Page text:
In a perfect world, all Hydro Derby participants would essentially just bring a sharp knife and some chopsticks to consume the catch as fresh as possible. However the reality is that most of the Hydro time will be spent hauling in small fry taking photos of them next to cans for submission. Could it be worth hanging out for that kingfish…
Here are the hot tips for getting those Kingfish for a much needed light snack onboard your yellow uber super boat:
Natural reefs come in all shapes, sizes and depths, making them one of the most sort after structures for the boat owner to find when it comes to chasing kingfish. This reef can be both natural or artificial and made up of a variety of materials. There are several places that kingfish will holed up on a reef. It could be where the edge of the reef meets the sand or broken shale, rises or hollows in the reefs surfaces and areas that may have other large structures on it (wrecks).
Over the years I have found that it doesn’t matter what depth of water the reef is in you will need to anchor near or on the reef and lay out a berley trail to bring the baitfish to the back of the boat. This inturn will bring the kingfish. The rigs used here can be the same as when fishing next to a breakwalls, groynes, fixed markers or floating navigation buoys, bridge pylons and mooring drums.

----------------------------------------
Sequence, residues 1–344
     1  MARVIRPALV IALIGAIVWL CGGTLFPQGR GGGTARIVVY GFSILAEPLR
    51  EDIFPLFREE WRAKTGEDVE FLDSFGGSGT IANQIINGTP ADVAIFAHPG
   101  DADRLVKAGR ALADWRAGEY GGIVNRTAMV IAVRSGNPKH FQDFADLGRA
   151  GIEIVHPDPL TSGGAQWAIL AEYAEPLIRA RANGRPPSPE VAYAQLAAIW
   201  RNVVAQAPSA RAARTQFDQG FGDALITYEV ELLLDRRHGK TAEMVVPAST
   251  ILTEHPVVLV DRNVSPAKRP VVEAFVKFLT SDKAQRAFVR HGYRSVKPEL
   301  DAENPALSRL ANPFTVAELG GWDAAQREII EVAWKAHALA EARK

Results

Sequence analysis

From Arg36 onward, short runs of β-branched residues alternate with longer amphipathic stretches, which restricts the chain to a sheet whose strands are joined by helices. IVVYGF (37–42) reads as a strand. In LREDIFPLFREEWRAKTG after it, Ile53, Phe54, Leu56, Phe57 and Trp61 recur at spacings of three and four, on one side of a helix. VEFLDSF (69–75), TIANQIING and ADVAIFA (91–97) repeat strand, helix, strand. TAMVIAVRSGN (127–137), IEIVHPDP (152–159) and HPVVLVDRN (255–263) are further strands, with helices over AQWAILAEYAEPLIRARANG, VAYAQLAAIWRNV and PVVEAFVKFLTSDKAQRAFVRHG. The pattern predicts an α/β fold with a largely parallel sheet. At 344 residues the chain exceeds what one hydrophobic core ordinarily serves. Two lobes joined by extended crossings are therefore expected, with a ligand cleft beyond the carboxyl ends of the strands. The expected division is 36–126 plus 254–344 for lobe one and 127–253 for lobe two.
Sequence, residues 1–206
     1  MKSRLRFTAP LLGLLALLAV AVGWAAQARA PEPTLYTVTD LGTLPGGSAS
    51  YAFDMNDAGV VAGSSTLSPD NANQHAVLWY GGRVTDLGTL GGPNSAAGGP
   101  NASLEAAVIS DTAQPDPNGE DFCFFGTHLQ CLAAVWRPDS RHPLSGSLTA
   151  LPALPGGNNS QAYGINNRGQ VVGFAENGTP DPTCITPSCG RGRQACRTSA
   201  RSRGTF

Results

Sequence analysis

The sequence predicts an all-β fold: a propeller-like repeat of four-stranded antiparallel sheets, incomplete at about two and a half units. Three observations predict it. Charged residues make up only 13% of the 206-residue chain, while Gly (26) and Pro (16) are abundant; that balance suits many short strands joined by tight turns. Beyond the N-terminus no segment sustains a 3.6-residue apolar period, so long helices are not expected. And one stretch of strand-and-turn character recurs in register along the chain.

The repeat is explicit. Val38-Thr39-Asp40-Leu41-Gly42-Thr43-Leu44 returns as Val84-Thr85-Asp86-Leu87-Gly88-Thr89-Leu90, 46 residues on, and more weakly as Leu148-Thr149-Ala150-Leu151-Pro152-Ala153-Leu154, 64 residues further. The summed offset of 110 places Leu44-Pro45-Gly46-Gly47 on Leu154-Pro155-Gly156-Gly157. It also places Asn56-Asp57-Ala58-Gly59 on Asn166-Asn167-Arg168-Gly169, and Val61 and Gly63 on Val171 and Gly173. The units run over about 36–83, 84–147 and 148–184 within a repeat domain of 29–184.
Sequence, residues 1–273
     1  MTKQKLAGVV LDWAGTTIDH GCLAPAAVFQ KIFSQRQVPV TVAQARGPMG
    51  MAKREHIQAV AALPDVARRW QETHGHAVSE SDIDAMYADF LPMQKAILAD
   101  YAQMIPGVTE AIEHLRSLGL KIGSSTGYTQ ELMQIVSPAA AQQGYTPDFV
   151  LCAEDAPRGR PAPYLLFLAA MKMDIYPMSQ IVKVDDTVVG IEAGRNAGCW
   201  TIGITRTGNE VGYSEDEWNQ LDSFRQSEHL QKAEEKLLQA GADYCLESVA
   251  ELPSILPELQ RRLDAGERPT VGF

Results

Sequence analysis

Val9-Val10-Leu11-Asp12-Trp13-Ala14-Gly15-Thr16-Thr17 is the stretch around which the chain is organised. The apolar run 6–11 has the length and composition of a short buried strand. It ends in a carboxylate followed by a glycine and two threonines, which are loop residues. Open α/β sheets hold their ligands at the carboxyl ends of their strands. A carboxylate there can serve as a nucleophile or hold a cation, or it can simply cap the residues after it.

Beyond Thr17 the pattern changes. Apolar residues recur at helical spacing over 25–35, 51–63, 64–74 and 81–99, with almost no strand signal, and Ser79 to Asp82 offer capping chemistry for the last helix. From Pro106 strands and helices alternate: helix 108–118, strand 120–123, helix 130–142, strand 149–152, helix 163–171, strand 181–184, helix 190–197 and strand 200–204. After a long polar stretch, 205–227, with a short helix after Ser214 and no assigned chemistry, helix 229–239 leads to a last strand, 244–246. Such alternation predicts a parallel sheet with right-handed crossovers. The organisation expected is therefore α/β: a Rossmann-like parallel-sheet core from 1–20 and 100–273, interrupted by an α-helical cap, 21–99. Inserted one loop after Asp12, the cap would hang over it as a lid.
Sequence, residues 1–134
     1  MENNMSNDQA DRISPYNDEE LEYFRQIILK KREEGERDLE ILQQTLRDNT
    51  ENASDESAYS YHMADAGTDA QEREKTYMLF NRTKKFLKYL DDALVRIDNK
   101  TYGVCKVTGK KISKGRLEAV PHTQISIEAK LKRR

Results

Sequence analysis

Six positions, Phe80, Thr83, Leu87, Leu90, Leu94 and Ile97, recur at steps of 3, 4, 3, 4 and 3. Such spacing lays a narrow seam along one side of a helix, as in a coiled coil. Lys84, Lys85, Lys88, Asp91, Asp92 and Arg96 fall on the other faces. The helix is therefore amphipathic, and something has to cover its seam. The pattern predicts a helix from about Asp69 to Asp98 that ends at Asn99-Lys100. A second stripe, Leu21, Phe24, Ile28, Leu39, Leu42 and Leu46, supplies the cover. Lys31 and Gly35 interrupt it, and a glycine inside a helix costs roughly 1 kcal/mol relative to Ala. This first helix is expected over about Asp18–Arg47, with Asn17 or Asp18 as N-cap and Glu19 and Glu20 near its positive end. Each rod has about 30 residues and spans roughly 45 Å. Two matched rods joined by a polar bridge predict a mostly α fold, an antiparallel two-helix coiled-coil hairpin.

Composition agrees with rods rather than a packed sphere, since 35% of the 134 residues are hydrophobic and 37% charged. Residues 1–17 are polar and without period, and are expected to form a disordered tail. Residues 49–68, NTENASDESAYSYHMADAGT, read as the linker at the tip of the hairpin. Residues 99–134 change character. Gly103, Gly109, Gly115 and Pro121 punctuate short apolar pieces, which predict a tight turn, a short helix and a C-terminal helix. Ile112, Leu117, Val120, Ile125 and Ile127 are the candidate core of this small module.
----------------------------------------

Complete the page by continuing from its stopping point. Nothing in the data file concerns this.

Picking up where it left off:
Due to the fact that most reefs are influenced strongly by the currents, I have found that you will need to concentrate your efforts to about an hour and a half either side of the tide. It doesn’t seem to matter whether it’s the bottom or the top of the tide. Just as long as the water is not screaming past your boat.
Moored boats and floating debris should not be pasted by when it comes to chasing kingfish. They just love to hang around them, especially in the shade. As you slowly drift past them (an electric motor is a big help) you could cast an unweighted live bait near them. Not only does the shadow of the boats themselves attract the fish, so do the mooring ropes and chains. It is the growth that forms on the ropes and chains that inturn will attract the baitfish, which in turn attracts the larger predators like kingfish.
You can also anchor up near a group of moored boats and lay out a berley trail, while at the same time feed out lightly weighted live baits to the underside of the boats and their moorings. The only problem that does occur is when the fish bust you off on the moorings.